Britney Spears' father has denied he bugged his daughter's bedroom.
E! News has reported the pop star's father filed new court documents last month calling the allegations "salacious and false".
"In fact, there are no documents regarding the alleged bugging or surveillance of Britney's bedroom, and this is because it never happened," he added.
In conjunction with the legal filing that said "there was never any spying of Britney's bedroom", her father's legal team have also provided documents to the pop icon's lawyer "showing that the assertions of Britney's counsel regarding the so-called 'spying operation' have no merit".
AdvertisementAdvertise with NZME.
Allegations about the singer's father's "spying" methods made headlines for the first time last year when the New York Times unveiled its documentary, Controlling Britney Spears, in which shocking details of the star's conservatorship were brought to light.
A former security team member who worked for the Toxic singer said her father "monitored the pop star's phone and placed a listening device in her bedroom without her knowledge."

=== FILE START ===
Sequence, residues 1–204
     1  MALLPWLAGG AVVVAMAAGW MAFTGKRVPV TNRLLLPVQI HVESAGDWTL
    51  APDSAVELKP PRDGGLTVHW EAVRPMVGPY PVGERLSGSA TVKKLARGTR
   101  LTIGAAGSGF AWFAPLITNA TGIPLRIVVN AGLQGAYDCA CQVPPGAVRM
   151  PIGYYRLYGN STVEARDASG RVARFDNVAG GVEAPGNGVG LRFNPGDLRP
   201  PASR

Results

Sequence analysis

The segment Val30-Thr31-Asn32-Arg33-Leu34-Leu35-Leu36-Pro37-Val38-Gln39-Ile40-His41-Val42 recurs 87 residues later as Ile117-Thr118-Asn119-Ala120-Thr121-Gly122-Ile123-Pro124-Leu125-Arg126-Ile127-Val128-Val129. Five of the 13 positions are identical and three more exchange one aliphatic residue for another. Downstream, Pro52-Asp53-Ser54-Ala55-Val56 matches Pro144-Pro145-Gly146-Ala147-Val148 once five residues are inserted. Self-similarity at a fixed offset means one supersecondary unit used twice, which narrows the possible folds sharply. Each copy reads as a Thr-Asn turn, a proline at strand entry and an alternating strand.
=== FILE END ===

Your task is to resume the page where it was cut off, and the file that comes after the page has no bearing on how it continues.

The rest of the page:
When the allegations were made public, the singer's lawyer Mathew Rosengart responded: "Placing a listening device in Britney's bedroom would be particularly inexcusable and disgraceful, and corroborates so much of her compelling, poignant testimony."
The attorney told the Times: "These actions must be fully and aggressively investigated."
The news comes after court documents obtained by TMZ revealed the Gimme More singer's father took US$36 million ($53m) during her conservatorship.
Rosengart stated in the documents that the singer's father mismanaged business and finances throughout the 13-year conservatorship, which ended last November, going on to claim her father earned US$6m that he did not have the right to. Rosengart hopes a judge will order him to pay the sum back to the singer.
The pop star's father is said to have spent part of the money pitching a programme called Cookin' Cruzin' & Chaos. And it's claimed that "millions" more were spent on lawyers for the conservatorship, totalling more than US$44m.